Monday, September 10, 2012

Time as the Culprit of Primary Care Burnout and Patient Unhappiness: A Sad Story

One cannot rent, hire, buy, or otherwise obtain more time.  Time is totally perishable and cannot be stored. Yesterday’s time is gone forever and will never come back. Time is,  therefore, always in esceedingly short supply.…The supply of time is totally inelastic.. Time is totally irreplaceable.”
Peter F. Drucker (1909-2006), The Effective Executive
This is the saddest story I have ever heard.
Ford Madox Ford (1873-1939), The Good Soldier
September 10, 2012 – The story of Rob Lamberts, a primary care physician practicing somewhere in the Southeastern United States.  is sad.  Because of time demands imposed  by 3rd party payers, Lambert feels he no longer has time to spend with patients.  Therefore, In a September 10 post in The Health Care Blog,  he announces he is “dropping out “ out of his current partnership practice to establish a solo practice.
Lambert says he is leaving his partners to set up up a practice that does not file insurance.  He will take a modest “subscription fee,”  to devote more time with patients and allow them more access to services.  He maintains his new practice will not follow the concierge model,  for his fees,which have yet to be estalbished, will be much lower and will not impose a financial burden on his patients.
The story is sad  becasue Doctor Lamberts has been a “a good soldier,” a relentless innovator who adopted electronic medical record 16 years ago. He has sought to follow the quality care dictates of outside reformers and payers  by  setting standards of what primary care ought to be.
Doctor Lambert gives these reasons for dropping out:
1.       He doesn’t feel he can any longer give patients the time they deserve.

2.       Given time constraints, he cannot make sufficient money to pay for his kids' education or to get simple things done, like fixing the windshield wiper on his car.

3.       Nor does he have time to cope with nonpatient issues – entering codes in all of his notes, dealing with paperwork, handling drug formulary issues, and practicing defensive medicine to avoid malpractice.
By dropping out of 3rd party arrangements he hopes to cut his overhead and free up time, and in the process.
1.       keep the cost of his services reasonable;

2.       keep his patient volume reasonable (1000 patients rather than 3000);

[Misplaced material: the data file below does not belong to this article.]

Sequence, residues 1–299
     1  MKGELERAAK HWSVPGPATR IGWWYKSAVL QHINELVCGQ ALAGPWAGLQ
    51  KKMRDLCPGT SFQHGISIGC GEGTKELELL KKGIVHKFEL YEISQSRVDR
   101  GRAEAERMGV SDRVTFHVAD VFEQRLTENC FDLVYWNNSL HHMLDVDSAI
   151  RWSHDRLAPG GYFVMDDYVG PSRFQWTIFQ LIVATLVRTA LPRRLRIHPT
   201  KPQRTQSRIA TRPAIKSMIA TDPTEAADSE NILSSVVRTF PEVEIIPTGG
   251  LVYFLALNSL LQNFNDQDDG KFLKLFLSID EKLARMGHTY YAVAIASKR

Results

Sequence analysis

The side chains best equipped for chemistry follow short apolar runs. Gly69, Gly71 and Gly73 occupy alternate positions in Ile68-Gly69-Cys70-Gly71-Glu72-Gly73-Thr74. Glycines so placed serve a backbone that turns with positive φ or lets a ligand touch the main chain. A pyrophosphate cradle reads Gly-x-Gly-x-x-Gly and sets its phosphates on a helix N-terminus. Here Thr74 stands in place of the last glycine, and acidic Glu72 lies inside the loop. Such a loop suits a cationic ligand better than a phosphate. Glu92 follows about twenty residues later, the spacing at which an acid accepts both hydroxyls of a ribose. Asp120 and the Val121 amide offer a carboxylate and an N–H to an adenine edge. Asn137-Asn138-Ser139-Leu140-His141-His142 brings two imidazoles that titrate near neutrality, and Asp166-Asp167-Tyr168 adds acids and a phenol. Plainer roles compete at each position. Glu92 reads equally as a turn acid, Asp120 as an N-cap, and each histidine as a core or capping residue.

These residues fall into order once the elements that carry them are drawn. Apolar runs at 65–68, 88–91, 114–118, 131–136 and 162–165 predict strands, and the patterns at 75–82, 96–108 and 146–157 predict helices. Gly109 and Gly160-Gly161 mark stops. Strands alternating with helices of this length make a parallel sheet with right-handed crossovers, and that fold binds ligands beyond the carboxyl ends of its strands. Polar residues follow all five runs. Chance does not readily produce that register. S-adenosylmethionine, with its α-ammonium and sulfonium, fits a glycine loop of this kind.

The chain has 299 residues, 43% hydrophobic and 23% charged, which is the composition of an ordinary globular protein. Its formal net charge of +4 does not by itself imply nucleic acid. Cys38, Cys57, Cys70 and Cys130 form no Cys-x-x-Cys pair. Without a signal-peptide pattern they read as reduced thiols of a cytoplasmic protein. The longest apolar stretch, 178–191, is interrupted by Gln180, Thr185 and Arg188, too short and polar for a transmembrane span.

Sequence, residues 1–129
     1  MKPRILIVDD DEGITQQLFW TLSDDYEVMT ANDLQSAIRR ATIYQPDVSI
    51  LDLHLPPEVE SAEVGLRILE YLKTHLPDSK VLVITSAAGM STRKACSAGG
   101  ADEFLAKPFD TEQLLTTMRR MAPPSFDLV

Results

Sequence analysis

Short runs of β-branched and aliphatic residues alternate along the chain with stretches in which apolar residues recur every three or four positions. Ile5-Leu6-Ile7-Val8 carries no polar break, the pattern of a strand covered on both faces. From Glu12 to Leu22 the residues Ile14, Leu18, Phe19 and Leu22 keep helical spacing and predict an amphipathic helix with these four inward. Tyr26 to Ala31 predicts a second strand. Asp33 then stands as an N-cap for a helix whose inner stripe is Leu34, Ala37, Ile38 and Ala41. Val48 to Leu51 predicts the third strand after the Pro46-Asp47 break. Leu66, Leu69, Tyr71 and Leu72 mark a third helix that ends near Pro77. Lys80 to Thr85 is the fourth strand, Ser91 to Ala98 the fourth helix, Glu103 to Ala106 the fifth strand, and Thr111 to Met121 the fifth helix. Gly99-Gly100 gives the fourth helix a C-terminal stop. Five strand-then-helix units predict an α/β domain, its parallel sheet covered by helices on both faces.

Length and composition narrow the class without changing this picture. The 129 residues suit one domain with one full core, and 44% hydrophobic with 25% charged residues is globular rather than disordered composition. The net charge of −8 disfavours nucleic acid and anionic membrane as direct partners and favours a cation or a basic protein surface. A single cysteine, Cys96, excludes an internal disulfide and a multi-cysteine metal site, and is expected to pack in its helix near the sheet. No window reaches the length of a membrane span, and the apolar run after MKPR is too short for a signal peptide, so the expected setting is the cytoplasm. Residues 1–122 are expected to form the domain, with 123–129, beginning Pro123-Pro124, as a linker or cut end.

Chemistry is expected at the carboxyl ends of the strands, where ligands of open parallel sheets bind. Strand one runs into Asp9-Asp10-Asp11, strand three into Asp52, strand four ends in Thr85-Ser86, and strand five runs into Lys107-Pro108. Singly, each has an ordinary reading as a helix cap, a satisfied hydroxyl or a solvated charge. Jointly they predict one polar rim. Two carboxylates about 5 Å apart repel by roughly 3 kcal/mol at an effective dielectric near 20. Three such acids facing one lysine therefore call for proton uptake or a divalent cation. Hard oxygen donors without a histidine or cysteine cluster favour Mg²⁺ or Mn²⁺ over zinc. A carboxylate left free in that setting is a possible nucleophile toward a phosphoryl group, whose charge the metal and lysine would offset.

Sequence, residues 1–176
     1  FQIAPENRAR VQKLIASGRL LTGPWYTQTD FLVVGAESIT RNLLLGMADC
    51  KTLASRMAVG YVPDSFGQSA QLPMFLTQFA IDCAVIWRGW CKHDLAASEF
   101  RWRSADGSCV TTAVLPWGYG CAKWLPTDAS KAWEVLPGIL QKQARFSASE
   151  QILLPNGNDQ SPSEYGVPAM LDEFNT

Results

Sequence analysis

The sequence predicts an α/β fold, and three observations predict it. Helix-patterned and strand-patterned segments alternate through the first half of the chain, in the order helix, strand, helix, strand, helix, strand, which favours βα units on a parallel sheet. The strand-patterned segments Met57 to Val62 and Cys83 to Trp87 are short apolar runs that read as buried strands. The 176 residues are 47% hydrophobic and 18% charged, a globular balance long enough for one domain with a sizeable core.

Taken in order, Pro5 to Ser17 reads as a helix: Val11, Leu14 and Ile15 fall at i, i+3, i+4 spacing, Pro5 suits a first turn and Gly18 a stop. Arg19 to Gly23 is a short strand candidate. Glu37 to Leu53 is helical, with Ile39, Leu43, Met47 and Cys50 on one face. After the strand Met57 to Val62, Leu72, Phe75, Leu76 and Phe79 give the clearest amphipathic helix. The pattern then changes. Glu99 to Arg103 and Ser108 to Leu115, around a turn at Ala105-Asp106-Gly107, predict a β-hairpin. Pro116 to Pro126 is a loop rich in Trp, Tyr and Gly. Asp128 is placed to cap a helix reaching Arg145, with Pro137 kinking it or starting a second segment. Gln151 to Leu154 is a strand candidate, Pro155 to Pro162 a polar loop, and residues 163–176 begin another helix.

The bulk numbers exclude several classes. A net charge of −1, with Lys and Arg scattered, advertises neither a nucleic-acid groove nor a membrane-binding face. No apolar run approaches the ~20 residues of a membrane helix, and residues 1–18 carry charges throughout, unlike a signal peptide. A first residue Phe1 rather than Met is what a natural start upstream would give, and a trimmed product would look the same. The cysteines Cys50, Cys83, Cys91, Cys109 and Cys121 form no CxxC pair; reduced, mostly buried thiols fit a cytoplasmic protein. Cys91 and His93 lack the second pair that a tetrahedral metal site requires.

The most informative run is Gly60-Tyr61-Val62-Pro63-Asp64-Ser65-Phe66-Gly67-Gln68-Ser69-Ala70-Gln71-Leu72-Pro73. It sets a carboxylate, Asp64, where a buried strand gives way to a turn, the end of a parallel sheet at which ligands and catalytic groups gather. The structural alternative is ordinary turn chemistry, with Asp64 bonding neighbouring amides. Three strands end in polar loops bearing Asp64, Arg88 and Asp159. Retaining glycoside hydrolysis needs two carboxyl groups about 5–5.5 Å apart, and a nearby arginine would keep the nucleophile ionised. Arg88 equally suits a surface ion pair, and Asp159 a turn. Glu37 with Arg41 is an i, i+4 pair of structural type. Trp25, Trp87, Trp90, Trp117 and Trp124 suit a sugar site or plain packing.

3.       keep patients out the ER and hospital and out of the hands of expensive specialists;

4.       have time to communicate with patients through e-mail and texting;

5.       Help patients keep their own medical records;

6.       form a more cooperative relationship with his patients.
Doctor Lambert wants a practice “where I can take better care of my patients while not being burned out in the process.” Besides,  he adds, it will be a relief,  "to change from  being a nail, constantly pounded by an unreasonable system,   to being a hammer.” 
Lack of time with doctors is a  leading cause of patient frustration.  Like doctors, patients  have a limited amount of time. They rightfully complain of spending too much time twiddling their thumbs and staring at the ceiling in the reception lounge or examining room, impatiently waiting to see an overworked physician with not enough time for them.
Perhaps the primary care physician of the future will have more time for patients.  Primary care visionaries are beginning to address misuse of time issues. This is evident in  this paragraph in an article “The Developing Vision of Primary Care” in the September 6 New England Journal of Medicine.
“No longer would the physician run from room to room, pushed by the clock and the paycheck. Reimbursed through global payments linking hospitals to primary care practices, the physician, too, would have a financial incentive to keep patients healthy and to prioritize services with that goal in mind. The physician would now see fewer patients in the office, leaving time for responding to questions e-mailed by patients the previous night and for calling those who would otherwise be headed to the emergency department. Clinic visits would ideally be nearly twice as long as they are now, since physicians would focus on patients with complex conditions and would have time to address care coordination, answer patients' questions fully, and understand their personal health goals in order to guide treatment. Timely follow-up after hospital discharge would be a high priority, and some visit slots would be reserved for that purpose of Primary Care.”
So much for a future scenario of they way things out to be .  We are not there yet.  Until the system recognizes that lack and misuse of time contribute to primary care burnout by wasting the primary car physician's  time, training,  and talent, we shall have a growing shortage of primary care physicians.
Tweet:  Lack of time to spend with patients, due to paperwork and regulatory demands,  is a prominent cause of primary care physician burnout.


guest posting said...

Time is a dimension in which events can be ordered from the past through the present into the future, and also the measure of durations of events and the intervals ...

Richard L. Reece, MD said...

This sounds profound but I do not know what it means when applied to primary care physicians. Please explain.

Joan Price said...

There does seem to be a sense of exhaustion in the healthcare industry. It's as if doctors and patients have become nihilistic drones. Doctors are tired and forced to produce results rather than treat. Patients expect this from doctors, so they go into their office half-hearted. Out of curiosity, do you feel as though the implementation of electronic medical records technologies will help or hinder physicians in terms of patient time?